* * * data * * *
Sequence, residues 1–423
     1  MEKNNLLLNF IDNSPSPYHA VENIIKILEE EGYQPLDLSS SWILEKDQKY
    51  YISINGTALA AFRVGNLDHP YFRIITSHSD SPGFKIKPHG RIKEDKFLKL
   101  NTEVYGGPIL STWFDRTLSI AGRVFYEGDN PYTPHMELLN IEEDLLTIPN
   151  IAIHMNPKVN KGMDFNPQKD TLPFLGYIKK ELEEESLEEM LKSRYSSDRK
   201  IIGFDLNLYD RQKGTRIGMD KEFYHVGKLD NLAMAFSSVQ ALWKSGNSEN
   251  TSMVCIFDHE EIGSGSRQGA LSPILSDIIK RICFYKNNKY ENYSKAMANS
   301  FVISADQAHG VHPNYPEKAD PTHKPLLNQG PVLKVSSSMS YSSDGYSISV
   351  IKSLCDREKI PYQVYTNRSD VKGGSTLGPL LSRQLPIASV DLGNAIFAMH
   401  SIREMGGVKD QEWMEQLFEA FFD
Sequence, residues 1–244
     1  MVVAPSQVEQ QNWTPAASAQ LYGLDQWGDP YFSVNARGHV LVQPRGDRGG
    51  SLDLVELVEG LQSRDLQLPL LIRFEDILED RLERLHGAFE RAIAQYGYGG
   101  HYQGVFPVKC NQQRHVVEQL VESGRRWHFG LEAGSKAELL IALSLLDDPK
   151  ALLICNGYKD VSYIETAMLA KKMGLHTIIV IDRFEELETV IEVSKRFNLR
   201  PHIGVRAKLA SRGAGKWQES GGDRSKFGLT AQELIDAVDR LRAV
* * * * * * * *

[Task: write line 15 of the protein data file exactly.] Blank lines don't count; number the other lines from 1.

   151  ALLICNGYKD VSYIETAMLA KKMGLHTIIV IDRFEELETV IEVSKRFNLR